Bachelor of Arts
School or Department
Mathematics – Statistics
Faculty Mentor Department
trial tax, focal concerns theory, federal circuit courts, plea bargaining
Criminal Law | Criminology
This study investigates the relationship between the proportion of cases resolved by plea in the federal court circuits and the median sentence length of those circuits. Through OLS regression, this study models the relationship, controlling for variation in circuits, year, and violent crime proportion. With an understanding of two common theoretical frameworks surrounding the trial tax discussion, this study theorized under a focal concerns perspective that as the proportion of cases resolved by plea in a circuit increases, the median sentence length of that circuit would decrease. The results of this study are consistent with results of prior research showing the existence of a trial tax. Additionally, this study investigates the relationship between the caseload of a circuit and the proportion of cases resolved by plea in a circuit to understand the extent to which caseload influences plea bargaining practices in a circuit. The results of this analysis suggest that caseload differences have little influence on plea proportions when the caseloads are below one hundred. However, caseloads larger than this do tend to be correlated with high plea proportions, supporting the focal concerns theory prediction of increased plea pressure in high caseload courts. Overall, this study provides evidence of a macro level trial tax that is consistent with individual level findings.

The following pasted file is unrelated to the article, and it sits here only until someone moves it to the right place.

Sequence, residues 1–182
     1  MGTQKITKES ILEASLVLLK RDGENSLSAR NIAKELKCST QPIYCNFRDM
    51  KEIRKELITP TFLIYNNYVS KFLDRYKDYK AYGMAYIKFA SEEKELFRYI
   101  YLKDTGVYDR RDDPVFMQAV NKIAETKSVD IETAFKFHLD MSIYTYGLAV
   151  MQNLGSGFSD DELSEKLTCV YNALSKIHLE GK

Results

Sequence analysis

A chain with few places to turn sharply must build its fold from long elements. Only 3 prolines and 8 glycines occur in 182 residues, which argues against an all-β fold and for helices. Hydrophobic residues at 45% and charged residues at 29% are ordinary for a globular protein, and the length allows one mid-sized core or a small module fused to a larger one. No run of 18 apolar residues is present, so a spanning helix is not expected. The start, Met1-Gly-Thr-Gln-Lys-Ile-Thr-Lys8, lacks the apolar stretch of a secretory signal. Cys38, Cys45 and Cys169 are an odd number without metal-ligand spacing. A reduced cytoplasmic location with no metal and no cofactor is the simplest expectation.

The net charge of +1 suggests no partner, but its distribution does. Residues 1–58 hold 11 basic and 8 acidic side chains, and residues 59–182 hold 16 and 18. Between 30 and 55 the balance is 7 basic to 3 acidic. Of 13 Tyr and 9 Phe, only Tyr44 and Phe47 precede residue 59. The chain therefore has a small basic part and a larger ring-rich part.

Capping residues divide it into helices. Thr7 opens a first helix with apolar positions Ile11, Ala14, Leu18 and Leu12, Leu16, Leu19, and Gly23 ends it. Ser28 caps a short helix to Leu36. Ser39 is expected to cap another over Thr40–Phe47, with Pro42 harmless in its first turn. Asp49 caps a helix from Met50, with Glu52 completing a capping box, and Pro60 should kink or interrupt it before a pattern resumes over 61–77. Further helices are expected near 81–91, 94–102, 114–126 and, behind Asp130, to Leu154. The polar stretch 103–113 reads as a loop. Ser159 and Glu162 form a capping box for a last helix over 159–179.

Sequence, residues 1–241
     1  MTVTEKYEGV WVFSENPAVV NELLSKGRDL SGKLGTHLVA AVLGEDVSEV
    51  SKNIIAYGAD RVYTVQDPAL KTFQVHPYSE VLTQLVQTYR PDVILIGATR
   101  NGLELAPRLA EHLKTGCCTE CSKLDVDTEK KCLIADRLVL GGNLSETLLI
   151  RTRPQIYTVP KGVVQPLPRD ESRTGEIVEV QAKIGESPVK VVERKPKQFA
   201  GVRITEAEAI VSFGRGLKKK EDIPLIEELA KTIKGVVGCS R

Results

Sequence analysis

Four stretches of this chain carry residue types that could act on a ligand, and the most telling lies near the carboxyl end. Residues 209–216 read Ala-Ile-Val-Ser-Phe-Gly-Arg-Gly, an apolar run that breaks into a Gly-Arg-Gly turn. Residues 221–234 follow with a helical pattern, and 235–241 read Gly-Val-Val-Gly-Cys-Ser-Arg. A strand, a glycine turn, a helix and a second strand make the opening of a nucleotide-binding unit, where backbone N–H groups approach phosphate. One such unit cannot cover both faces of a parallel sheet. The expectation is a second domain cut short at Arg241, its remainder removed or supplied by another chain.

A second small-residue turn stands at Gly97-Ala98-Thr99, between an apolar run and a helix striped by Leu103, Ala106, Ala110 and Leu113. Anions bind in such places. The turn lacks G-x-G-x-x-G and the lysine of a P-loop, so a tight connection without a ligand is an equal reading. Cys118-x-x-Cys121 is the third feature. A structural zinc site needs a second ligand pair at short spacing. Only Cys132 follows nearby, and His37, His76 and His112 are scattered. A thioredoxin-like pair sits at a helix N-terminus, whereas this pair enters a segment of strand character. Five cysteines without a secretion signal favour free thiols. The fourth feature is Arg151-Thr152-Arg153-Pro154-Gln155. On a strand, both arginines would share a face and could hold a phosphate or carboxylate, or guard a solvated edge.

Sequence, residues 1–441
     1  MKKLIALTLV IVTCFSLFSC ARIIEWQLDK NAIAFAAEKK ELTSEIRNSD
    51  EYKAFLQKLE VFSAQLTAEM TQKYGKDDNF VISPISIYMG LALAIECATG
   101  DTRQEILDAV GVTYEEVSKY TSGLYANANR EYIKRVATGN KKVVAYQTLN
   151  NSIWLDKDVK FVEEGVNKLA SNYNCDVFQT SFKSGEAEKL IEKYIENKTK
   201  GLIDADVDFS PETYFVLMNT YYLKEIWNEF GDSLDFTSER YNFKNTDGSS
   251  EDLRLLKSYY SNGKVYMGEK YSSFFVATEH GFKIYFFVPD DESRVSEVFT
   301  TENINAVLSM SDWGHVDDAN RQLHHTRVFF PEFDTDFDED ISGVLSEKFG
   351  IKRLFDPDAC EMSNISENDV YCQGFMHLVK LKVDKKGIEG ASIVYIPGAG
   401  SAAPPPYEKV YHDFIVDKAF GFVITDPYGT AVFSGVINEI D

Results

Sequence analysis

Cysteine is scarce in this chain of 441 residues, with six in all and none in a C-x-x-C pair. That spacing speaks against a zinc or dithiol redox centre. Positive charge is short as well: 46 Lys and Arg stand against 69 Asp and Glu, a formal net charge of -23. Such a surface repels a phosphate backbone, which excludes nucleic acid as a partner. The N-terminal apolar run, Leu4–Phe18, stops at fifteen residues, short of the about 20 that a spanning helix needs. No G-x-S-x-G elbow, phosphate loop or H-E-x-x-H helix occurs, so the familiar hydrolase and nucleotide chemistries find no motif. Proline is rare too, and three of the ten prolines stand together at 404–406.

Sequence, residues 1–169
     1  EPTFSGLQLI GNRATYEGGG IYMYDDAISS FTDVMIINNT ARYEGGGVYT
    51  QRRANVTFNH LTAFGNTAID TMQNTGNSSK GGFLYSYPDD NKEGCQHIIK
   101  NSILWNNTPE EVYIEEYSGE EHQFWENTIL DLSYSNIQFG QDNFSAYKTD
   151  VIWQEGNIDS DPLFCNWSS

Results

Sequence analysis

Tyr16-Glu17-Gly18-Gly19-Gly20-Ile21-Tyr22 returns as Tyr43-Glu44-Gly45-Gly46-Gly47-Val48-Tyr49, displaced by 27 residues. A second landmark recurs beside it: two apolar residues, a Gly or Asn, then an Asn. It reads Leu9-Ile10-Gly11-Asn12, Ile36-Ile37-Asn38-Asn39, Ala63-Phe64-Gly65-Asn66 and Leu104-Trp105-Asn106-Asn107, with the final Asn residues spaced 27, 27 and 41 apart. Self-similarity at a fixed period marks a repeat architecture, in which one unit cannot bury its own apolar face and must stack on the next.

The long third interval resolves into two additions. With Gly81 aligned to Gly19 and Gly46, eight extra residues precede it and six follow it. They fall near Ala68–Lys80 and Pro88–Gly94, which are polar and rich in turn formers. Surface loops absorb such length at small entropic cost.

Honors College Research Project
GLI Capstone Project
LaFontaine, Denise, "Investigating a Macro Level Trial Tax: An Analysis of the Relationship Between a Circuit's Plea Proportion and Median Sentence Length in U.S. Federal Courts" (2019). Undergraduate Theses, Professional Papers, and Capstone Artifacts. 254.
© Copyright 2019 Denise LaFontaine